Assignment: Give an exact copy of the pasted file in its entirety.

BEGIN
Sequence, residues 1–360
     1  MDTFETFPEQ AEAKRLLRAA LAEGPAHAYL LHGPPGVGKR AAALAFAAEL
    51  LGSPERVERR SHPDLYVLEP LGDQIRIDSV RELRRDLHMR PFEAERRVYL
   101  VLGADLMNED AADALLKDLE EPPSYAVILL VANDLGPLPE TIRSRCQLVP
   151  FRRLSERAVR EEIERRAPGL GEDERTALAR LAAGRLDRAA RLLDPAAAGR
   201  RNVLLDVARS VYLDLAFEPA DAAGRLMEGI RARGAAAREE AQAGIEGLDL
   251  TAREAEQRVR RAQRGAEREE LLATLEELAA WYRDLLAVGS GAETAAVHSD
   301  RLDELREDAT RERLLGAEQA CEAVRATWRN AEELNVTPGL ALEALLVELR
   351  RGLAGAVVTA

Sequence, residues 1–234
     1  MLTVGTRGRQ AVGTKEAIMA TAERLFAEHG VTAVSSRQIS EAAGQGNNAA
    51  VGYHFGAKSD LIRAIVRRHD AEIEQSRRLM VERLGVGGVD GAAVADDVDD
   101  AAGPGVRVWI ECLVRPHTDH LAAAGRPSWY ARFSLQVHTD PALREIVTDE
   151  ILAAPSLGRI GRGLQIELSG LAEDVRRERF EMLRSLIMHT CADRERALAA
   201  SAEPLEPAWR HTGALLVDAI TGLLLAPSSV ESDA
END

Sequence, residues 1–360
     1  MDTFETFPEQ AEAKRLLRAA LAEGPAHAYL LHGPPGVGKR AAALAFAAEL
    51  LGSPERVERR SHPDLYVLEP LGDQIRIDSV RELRRDLHMR PFEAERRVYL
   101  VLGADLMNED AADALLKDLE EPPSYAVILL VANDLGPLPE TIRSRCQLVP
   151  FRRLSERAVR EEIERRAPGL GEDERTALAR LAAGRLDRAA RLLDPAAAGR
   201  RNVLLDVARS VYLDLAFEPA DAAGRLMEGI RARGAAAREE AQAGIEGLDL
   251  TAREAEQRVR RAQRGAEREE LLATLEELAA WYRDLLAVGS GAETAAVHSD
   301  RLDELREDAT RERLLGAEQA CEAVRATWRN AEELNVTPGL ALEALLVELR
   351  RGLAGAVVTA

Sequence, residues 1–234
     1  MLTVGTRGRQ AVGTKEAIMA TAERLFAEHG VTAVSSRQIS EAAGQGNNAA
    51  VGYHFGAKSD LIRAIVRRHD AEIEQSRRLM VERLGVGGVD GAAVADDVDD
   101  AAGPGVRVWI ECLVRPHTDH LAAAGRPSWY ARFSLQVHTD PALREIVTDE
   151  ILAAPSLGRI GRGLQIELSG LAEDVRRERF EMLRSLIMHT CADRERALAA
   201  SAEPLEPAWR HTGALLVDAI TGLLLAPSSV ESDA